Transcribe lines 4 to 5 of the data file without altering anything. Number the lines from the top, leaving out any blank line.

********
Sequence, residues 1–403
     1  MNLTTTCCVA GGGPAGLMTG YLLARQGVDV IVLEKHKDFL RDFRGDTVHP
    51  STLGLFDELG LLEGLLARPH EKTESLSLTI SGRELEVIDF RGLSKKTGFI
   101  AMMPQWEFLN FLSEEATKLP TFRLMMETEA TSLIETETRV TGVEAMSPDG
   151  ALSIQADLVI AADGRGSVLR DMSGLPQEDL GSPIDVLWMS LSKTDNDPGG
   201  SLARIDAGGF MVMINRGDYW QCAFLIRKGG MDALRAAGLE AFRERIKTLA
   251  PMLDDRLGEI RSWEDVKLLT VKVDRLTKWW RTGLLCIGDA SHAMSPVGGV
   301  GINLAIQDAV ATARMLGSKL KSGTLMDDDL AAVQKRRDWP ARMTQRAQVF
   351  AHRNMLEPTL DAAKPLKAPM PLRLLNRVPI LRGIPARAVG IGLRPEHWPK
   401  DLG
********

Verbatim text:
   101  AMMPQWEFLN FLSEEATKLP TFRLMMETEA TSLIETETRV TGVEAMSPDG
   151  ALSIQADLVI AADGRGSVLR DMSGLPQEDL GSPIDVLWMS LSKTDNDPGG